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San Francisco Construction Reveals Buried Maritime Treasures

SAN FRANCISCO (KPIX 5) -- A new map is revealing some of San Francisco's buried treasures with an updated view of the dozens of gold-rush era ships that lie below the city's streets.

While buildings rise across the city, the interest in what's under them is skyrocketing as construction crews uncover more and more buried ships beneath the surface.

"We have a really interesting exhibit about the buried ships underneath downtown San Francisco," said Lynn Cullivan with the National Historic Maritime Museum. "There's always new information, always something new coming up. So we're redoing the map!"

The old map of buried ships under downtown was first published 54 years ago in 1963. The museum says many ships have been added, including one site no one expected.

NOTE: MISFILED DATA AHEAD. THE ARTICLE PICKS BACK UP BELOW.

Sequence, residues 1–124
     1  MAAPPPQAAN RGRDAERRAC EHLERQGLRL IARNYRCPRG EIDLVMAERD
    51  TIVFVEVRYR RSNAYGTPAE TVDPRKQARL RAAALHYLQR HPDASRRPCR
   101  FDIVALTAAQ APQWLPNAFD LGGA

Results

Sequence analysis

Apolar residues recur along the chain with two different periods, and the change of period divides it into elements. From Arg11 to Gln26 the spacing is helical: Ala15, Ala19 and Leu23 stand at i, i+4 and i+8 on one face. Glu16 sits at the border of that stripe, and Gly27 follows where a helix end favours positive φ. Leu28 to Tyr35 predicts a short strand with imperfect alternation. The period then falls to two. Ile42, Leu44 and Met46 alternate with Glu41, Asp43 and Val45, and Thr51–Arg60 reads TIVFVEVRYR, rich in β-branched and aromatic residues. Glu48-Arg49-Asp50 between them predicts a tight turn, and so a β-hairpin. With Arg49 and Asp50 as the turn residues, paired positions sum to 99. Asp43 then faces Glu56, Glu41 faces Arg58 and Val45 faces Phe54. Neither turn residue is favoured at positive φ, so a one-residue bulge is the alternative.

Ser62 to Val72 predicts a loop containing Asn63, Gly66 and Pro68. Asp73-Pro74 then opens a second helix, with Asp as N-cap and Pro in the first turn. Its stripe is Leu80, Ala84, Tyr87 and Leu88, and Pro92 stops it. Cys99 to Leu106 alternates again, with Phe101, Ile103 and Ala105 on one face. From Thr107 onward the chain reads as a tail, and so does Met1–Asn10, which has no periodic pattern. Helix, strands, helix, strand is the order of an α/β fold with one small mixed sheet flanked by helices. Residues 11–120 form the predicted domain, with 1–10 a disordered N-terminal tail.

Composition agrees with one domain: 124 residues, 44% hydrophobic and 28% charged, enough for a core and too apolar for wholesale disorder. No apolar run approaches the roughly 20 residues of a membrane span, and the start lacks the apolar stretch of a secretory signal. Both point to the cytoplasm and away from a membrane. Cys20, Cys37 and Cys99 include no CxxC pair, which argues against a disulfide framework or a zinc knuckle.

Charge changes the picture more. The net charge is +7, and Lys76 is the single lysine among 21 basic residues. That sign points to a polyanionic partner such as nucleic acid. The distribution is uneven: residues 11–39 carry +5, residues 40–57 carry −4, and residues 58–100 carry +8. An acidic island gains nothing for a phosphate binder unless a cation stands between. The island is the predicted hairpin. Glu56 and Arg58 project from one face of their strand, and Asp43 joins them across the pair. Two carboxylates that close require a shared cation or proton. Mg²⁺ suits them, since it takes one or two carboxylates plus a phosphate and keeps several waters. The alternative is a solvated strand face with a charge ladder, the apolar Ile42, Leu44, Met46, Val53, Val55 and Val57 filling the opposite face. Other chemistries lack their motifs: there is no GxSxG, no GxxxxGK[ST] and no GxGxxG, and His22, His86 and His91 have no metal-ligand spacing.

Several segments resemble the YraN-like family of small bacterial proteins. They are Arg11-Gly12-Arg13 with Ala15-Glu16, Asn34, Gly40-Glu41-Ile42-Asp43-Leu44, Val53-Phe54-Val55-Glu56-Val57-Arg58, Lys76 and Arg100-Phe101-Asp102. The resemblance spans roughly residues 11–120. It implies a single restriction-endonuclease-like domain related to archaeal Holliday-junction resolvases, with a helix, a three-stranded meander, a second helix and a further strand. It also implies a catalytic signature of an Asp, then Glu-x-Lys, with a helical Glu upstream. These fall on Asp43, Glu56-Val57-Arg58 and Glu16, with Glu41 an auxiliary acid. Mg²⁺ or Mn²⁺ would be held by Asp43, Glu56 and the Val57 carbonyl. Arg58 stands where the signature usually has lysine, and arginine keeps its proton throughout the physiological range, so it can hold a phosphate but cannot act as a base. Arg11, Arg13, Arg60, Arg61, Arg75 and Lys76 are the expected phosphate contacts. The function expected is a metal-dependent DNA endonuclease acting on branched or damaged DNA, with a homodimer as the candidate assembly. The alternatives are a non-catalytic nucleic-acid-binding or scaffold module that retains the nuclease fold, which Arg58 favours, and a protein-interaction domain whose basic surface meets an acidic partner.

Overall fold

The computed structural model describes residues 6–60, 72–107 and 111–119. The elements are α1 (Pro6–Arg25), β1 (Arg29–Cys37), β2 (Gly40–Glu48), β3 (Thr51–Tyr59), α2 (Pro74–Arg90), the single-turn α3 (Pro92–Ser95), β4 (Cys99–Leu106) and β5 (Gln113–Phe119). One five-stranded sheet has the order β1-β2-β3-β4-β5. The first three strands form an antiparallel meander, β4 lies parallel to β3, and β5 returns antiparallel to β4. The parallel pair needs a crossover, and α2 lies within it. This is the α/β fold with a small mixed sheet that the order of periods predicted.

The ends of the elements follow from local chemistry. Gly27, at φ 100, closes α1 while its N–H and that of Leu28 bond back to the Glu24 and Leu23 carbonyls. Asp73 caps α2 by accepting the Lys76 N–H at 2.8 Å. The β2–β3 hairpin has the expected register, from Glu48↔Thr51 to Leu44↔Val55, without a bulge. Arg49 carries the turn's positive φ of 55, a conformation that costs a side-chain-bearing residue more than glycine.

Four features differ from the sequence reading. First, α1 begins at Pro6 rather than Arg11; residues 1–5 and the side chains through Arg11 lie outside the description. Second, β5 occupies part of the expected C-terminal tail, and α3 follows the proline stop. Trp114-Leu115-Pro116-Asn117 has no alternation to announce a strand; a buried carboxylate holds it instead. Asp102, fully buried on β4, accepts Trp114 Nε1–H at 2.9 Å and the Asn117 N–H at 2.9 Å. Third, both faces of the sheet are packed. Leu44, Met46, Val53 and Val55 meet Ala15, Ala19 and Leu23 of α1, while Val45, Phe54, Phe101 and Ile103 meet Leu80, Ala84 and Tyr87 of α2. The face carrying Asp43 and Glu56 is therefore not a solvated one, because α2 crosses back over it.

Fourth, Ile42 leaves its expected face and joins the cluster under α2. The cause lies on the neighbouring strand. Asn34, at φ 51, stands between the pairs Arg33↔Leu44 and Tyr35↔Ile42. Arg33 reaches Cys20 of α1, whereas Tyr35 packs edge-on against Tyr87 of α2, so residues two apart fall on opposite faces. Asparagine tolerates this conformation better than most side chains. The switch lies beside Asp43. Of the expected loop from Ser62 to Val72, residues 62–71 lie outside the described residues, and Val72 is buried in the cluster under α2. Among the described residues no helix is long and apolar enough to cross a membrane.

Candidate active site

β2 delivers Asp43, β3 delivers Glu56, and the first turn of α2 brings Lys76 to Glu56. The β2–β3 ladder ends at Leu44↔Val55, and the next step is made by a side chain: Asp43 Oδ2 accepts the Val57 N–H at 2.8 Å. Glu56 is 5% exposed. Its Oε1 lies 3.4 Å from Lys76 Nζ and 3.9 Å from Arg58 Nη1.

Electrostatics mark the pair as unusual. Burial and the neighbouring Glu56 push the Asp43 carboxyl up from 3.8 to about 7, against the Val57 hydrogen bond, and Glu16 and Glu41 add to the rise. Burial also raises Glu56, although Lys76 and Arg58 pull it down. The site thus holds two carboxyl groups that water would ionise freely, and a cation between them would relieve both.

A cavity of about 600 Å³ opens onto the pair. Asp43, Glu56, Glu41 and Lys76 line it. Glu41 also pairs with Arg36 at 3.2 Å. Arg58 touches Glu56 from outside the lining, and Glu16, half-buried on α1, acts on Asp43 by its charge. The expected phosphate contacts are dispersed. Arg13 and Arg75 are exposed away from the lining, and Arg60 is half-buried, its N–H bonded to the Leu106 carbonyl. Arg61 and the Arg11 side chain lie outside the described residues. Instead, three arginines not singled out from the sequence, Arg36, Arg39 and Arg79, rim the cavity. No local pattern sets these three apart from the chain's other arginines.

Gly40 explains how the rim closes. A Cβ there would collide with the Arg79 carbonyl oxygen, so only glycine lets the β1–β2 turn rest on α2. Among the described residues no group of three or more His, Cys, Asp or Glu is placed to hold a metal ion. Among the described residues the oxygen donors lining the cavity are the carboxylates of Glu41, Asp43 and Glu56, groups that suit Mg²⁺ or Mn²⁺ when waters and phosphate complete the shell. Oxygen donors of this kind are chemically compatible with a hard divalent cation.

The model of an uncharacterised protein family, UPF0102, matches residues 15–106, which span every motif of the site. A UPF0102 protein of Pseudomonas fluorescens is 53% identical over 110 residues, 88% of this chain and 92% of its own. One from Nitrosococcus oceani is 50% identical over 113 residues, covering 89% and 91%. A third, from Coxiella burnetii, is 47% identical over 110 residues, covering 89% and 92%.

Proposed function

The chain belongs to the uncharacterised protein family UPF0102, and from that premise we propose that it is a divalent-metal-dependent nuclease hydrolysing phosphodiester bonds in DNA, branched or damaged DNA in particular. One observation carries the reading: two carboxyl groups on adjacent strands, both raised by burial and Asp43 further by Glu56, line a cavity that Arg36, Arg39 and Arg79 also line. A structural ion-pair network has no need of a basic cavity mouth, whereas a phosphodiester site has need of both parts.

"A ship wrecking yard. Kinda where the ship would go to die," explained Cullivan. "Basically, you'd burn a Ship down and take the metal off of it."

The ancient ship demolishing yard operated near the intersection of spear and Folsom streets. Folks walk and drive over where deep below the wreckage of many of the ships still remain.

"You can't always excavate all the artifacts on all the ships, but at least they document them," said Cullivan. "What they are, who they are, and in a kind of way, preserves them."

The California gold rush created the ship rush. Ships from all over the world carried miners full of gold fever. Captains abandoned ships by the thousands.

Modern downtown San Francisco is built on top of that legacy. The abandoned ships are everywhere.

"Two of those lost ships are buried right here underneath this intersection, the Fame and the Francis Ann," said Cullivan.

The new map is still being finalized. It is expected to be published sometime in the fall.

The museum says that with construction being what it is here in the city, there's no telling what will be discovered next.


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